# Pre-trend testing of DiD following Pischke (2005)?

This post simplifies how to conduct a pre-trend analysis using "coefficient plotting", which follows from lecture notes by Pischke 2005.

I simplified copying the description here:

A formal test which is also suitable for multivalued treatments or several groups is to interact the treatment variable with time dummies. Suppose you have 3 pre-treatment periods and 3 post-treatment periods, you would then regress

$$y_{it} = \lambda_i + \delta_t + \beta_{-2}D_{it} + \beta_{-1}D_{it} + \beta_1 D_{it} + \beta_2 D_{it} + \beta_3 D_{it} + \epsilon_{it}$$

where $$y$$ is the outcome for individual $$i$$ at time $$t$$, $$\lambda$$ and $$\delta$$ are individual and time fixed effects (this is a generalized way of writing down the diff-in-diff model which also allows for multiple treatments or treatments at different times). If the outcome trends between treatment and control group are the same, then $$\beta_{-2}$$ and $$\beta_{-1}$$ should be insignificant, i.e. the difference in differences is not significantly different between the two groups in the pre-treatment period.

So, it seems that one way to satisfy pre-trend testing is when the estimates of $$\beta_{-2}$$ and $$\beta_{-1}$$ are insignificant. But what about $$\beta_j$$, $$j \geq 0$$? From Pischke's notes, it seems that they should be identical but he did not mention whether they should be significant or not.

Apart from that, in situations where $$\beta_{-2}$$ and $$\beta_{-1}$$ are significant but close to zero, can it be counted as a parallel trend as Pischke (2005) as above?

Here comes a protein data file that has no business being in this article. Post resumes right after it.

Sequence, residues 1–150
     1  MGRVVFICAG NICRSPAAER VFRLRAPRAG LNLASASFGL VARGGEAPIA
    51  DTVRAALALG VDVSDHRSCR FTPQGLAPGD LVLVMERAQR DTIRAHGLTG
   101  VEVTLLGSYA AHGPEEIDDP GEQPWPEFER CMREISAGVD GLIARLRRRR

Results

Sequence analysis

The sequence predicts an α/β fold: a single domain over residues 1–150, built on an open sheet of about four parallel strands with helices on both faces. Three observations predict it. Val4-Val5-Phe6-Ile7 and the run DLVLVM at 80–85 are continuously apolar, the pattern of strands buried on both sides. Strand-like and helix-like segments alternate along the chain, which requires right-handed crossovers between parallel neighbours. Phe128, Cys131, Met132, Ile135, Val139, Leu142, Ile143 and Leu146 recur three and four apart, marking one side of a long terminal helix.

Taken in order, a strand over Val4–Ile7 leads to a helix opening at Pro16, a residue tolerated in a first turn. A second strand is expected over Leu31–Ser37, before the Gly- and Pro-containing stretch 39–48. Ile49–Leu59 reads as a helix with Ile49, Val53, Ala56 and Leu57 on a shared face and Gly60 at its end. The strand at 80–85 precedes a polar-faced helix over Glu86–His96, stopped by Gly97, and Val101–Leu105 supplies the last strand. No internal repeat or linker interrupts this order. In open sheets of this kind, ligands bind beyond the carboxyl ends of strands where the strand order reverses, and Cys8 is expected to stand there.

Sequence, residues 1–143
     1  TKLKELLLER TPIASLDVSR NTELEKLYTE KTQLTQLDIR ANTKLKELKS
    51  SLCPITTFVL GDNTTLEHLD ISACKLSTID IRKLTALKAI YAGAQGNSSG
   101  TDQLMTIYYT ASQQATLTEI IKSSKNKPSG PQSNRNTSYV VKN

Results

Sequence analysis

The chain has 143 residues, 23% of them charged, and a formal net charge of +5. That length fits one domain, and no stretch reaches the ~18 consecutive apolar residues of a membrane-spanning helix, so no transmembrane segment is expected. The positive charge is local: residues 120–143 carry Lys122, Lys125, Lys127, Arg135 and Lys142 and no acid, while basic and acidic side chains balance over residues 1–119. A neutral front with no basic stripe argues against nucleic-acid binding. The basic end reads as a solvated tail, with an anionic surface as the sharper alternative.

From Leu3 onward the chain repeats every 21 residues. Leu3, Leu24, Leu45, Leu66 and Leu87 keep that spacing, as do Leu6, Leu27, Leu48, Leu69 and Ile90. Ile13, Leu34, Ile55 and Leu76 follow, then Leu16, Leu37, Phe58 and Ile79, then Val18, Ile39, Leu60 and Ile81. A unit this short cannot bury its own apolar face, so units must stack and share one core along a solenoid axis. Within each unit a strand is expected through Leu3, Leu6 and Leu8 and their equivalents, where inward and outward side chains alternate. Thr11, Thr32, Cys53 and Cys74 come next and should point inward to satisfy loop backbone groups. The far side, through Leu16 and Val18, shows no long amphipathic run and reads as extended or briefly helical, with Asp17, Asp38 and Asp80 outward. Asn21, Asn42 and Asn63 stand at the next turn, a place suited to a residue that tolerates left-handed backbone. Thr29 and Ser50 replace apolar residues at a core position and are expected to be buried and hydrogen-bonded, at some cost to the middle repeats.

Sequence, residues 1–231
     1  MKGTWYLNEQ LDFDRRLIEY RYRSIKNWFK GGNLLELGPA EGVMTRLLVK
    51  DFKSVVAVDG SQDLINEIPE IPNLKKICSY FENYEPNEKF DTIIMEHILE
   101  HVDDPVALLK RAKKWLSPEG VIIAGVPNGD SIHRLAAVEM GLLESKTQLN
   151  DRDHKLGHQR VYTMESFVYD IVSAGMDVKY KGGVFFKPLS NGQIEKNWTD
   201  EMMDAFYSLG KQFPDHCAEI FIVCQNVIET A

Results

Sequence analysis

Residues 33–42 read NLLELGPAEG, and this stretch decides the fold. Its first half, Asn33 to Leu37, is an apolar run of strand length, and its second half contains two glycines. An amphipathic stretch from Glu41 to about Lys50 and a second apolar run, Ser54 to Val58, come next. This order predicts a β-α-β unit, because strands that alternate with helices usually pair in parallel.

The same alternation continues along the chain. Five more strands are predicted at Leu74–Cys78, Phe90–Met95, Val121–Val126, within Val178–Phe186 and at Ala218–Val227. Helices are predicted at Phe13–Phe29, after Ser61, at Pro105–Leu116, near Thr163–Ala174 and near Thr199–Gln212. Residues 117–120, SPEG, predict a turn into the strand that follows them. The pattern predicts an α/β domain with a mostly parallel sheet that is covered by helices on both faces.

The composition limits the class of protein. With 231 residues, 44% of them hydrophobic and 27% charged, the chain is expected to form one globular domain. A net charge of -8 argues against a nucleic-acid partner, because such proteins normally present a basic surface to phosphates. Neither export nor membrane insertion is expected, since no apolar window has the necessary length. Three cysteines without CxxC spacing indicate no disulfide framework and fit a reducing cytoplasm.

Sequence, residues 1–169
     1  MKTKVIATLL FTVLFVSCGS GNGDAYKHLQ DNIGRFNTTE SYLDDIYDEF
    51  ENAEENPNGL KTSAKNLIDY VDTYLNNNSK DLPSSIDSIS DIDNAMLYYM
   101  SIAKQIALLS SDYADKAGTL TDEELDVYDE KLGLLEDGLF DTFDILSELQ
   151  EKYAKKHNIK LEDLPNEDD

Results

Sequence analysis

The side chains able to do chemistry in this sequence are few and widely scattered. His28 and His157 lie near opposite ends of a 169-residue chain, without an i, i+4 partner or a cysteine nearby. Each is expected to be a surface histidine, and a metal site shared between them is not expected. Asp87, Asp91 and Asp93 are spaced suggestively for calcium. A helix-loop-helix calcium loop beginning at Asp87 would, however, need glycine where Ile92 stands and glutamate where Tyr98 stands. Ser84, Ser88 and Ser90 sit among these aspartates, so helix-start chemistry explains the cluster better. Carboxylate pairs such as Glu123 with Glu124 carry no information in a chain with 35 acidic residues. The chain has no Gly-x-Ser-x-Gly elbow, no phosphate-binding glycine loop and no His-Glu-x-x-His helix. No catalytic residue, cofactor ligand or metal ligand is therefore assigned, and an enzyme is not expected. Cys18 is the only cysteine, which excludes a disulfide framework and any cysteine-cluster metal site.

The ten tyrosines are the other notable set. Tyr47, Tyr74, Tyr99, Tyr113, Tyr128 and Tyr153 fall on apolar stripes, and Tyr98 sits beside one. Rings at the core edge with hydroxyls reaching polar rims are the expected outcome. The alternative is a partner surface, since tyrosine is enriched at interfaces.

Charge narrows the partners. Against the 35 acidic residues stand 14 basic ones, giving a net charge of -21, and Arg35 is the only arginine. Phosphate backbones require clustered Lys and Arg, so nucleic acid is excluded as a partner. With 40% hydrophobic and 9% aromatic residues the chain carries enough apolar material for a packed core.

So, it seems that one way to satisfy pre-trend testing is when the estimates of $$\beta_{−2}$$ and $$\beta_{−1}$$ are insignificant.

Correct.

It's evidence supporting parallel trends in the periods before a treatment. If it fails in practice, then we often turn to synthetic control methods to help us select from a pool of eligible controls with comparable outcome trajectories pre-shock.

But what about $$\beta_j$$, $$j \geq 0$$?

The estimates investigate whether treatment effects vary with time since exposure. For example, effects may accumulate or deteriorate with the passage of time. The lecture notes you cite make no claim about the significance of the $$\beta_j$$'s; the only assertion is that the effects in the post-period may not be identical. It depends entirely on how the intervention (i.e., treatment) affects your outcome of interest. It's not a requirement that the $$j$$ lags have any particular direction or magnitude. Sometimes a discovery that all of the $$\beta_j$$'s are zero may be an interesting finding as well. Not every evaluation returns a significant treatment effect.

Apart from that, in situations where $$\beta_{−2}$$ and $$\beta_{−1}$$ are significant but close to zero, can it be counted as a parallel trend as Pischke (2005) as above?

• (2)I thought "$\beta_{−2}$ close to 0 but significant" will be analogous to "$\beta_{−2}$ not close to 0" but insignificant. But from your explanation, it is not the case. So, "$\beta_{−2}$ close to 0 but significant" can be counted as anticipatory effects? I am surprised about that because the immediate difference between treatment and control group close by 0, so how come the anticipatory effect happen. Jul 7 at 8:25